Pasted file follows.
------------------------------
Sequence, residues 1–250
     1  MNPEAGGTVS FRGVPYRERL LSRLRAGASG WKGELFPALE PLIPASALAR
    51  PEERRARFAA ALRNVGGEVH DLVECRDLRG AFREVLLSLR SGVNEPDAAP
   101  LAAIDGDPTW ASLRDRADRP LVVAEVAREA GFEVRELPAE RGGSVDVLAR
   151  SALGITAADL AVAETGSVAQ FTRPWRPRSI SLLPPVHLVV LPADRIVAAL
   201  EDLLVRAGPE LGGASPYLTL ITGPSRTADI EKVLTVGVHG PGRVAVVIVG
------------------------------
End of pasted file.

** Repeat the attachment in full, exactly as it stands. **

Sequence, residues 1–250
     1  MNPEAGGTVS FRGVPYRERL LSRLRAGASG WKGELFPALE PLIPASALAR
    51  PEERRARFAA ALRNVGGEVH DLVECRDLRG AFREVLLSLR SGVNEPDAAP
   101  LAAIDGDPTW ASLRDRADRP LVVAEVAREA GFEVRELPAE RGGSVDVLAR
   151  SALGITAADL AVAETGSVAQ FTRPWRPRSI SLLPPVHLVV LPADRIVAAL
   201  EDLLVRAGPE LGGASPYLTL ITGPSRTADI EKVLTVGVHG PGRVAVVIVG